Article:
16th apr, 2008

Ownership of Culture

I came across an article on Afro IP today which stirred my sense of justice. It seems that the British Museum is collecting royalties from pictures of ancient artefacts, in the present case a mask of Queen Idia of Benin. The mask is the war booty of a raid in 1897 and was transferred to the British Museum in the early 1900. The mask is dated from 1520 and is a part of present day Nigerias cultural heritage. In 1995 a Nigerian magazine called “Markets and Investments” wanted the mask as their logo and sought a picture from the British Museum. The museum responded with a picture with a copyright notice on it and later a request for further royalties for a 5-yr licence. Markets and Investments responded with a trademark application for the mask, and were successful.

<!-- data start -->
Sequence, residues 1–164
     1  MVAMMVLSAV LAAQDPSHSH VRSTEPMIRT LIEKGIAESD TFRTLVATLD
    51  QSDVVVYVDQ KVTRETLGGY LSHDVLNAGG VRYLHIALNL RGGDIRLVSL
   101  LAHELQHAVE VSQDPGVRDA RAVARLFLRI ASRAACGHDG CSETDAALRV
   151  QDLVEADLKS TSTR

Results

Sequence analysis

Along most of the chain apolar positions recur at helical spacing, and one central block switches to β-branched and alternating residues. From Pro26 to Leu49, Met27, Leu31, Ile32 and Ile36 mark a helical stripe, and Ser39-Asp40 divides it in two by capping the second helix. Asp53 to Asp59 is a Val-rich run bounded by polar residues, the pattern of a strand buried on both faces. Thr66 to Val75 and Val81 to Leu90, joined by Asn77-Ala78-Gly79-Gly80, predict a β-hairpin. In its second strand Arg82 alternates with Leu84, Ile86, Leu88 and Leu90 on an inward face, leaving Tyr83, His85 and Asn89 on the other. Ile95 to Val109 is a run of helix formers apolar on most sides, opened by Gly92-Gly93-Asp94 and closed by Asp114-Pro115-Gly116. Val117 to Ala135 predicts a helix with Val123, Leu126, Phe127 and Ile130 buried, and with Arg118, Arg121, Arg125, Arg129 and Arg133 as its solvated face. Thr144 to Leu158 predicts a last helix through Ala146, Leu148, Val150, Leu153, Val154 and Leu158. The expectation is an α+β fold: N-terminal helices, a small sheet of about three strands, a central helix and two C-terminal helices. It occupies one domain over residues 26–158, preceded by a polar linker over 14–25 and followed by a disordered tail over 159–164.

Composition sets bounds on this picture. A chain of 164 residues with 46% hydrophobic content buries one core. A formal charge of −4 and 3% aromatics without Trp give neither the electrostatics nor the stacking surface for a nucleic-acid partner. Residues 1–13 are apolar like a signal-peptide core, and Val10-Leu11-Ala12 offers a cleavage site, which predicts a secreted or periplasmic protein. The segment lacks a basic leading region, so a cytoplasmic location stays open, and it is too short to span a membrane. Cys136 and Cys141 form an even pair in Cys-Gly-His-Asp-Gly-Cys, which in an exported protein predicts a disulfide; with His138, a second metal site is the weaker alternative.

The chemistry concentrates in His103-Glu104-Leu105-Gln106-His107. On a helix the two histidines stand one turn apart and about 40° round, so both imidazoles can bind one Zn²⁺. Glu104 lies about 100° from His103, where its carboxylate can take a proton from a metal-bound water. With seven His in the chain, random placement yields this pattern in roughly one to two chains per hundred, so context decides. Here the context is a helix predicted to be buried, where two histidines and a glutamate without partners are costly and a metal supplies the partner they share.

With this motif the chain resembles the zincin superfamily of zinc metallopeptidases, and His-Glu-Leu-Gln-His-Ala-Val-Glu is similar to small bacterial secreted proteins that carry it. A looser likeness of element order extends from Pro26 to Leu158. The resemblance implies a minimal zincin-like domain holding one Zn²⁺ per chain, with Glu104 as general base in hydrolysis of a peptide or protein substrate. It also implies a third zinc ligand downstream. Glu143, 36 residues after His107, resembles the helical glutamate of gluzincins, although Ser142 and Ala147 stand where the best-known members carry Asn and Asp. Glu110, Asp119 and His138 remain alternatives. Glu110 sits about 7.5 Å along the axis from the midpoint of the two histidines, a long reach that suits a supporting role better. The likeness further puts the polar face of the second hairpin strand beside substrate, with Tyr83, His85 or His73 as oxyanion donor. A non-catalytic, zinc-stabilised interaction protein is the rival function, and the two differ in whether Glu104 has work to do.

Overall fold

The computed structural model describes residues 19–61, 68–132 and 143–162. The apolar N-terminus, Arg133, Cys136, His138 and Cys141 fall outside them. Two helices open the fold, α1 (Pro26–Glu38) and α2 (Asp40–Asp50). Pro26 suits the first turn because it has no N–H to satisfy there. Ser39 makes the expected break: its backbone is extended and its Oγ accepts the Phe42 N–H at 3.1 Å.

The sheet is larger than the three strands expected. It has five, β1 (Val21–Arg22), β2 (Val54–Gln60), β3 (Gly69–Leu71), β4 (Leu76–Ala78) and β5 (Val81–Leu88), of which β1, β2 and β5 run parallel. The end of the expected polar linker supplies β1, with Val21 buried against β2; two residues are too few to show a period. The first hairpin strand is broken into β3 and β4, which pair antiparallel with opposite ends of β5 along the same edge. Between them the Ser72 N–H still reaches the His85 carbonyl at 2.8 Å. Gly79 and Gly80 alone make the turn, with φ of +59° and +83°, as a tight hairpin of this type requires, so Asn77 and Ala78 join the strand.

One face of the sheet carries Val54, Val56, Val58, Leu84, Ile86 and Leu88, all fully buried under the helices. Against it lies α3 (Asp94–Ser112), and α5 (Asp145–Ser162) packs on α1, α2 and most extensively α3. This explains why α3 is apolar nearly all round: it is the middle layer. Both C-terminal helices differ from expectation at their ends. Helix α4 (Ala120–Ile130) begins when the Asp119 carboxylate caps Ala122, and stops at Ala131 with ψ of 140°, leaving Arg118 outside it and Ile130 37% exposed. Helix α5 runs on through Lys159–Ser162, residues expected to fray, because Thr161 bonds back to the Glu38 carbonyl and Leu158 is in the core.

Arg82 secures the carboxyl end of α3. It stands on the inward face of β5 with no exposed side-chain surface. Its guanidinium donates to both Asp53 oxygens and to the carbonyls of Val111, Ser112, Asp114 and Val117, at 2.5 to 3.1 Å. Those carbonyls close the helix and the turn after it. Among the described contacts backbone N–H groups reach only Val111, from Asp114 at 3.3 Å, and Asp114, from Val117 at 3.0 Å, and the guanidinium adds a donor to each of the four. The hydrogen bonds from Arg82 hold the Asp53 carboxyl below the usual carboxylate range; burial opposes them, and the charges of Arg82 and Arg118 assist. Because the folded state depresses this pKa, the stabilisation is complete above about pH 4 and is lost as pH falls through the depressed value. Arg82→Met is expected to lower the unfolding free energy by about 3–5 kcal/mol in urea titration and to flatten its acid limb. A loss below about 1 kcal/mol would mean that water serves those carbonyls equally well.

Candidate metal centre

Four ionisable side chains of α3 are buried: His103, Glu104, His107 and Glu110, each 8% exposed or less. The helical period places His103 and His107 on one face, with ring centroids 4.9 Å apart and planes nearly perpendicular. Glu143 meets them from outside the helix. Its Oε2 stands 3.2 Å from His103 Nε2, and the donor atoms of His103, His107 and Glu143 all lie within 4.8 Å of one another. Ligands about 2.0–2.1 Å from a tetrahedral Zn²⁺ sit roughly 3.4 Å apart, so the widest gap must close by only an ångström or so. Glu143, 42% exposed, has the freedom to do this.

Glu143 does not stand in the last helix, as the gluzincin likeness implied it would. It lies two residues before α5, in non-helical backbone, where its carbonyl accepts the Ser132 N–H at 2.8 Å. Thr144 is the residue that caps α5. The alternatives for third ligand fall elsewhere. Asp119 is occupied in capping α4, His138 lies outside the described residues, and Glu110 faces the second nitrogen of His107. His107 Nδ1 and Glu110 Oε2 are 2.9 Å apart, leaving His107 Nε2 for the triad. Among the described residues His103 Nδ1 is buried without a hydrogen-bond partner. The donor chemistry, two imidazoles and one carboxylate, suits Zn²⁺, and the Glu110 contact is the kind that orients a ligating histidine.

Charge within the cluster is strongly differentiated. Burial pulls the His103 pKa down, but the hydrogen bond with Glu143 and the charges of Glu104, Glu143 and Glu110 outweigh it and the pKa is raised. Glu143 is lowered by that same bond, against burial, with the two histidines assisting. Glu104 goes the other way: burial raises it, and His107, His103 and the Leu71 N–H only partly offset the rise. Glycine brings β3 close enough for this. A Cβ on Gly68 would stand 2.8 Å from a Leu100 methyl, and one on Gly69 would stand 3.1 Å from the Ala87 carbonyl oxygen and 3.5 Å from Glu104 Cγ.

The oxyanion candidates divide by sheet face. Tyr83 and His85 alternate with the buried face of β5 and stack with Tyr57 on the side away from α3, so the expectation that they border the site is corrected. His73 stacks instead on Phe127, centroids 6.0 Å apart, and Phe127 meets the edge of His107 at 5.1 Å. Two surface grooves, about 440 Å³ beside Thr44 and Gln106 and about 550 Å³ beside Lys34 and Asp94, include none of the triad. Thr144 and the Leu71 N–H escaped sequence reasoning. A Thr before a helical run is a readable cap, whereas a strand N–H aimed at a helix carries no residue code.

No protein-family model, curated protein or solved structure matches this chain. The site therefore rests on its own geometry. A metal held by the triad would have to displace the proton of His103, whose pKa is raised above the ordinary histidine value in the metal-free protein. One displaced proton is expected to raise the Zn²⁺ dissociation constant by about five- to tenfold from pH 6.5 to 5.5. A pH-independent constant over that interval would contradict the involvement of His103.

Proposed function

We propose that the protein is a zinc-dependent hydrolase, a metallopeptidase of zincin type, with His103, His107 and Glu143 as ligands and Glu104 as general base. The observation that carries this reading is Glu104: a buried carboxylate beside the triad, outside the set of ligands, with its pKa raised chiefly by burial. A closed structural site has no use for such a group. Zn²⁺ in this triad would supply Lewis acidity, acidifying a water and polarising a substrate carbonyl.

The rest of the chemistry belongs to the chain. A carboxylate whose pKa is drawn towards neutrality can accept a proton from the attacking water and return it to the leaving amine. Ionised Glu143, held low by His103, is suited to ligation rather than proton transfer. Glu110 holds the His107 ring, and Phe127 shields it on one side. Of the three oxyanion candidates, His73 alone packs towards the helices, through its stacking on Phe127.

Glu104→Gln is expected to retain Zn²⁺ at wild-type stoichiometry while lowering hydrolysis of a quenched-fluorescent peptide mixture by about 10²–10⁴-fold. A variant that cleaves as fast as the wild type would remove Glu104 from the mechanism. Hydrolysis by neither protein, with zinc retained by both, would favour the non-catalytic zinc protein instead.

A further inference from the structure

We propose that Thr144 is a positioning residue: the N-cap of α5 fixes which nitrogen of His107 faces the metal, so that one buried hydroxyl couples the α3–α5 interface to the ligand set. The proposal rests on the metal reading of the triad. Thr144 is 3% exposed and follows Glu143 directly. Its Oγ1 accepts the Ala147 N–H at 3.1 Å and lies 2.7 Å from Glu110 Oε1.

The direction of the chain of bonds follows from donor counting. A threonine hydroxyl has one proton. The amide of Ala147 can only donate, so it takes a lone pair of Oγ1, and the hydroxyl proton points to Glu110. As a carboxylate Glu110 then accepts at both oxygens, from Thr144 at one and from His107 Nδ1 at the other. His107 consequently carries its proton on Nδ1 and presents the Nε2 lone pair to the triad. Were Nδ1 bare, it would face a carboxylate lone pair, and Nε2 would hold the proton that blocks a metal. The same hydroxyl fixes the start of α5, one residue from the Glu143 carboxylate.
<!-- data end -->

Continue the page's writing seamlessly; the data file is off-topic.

So now Melford Ita has produced both a documentary of the case and a calculation of royalties which might have gone to the Nigerian state. Ita has calculated that the British Museum owes Nigeria 350 million pounds. A figure in the high end but never the less Ita may have a point. The British Museum is cashing in on a cultural heritage which is not theirs using copyright law. I guess that the copyright protection of a work from 1520 has expired. The British Museum will of cause enjoy neighbouring rights in relation to photos taken by them. But I can fully understand Nigerian frustration if being blocked from using a part of their history. 

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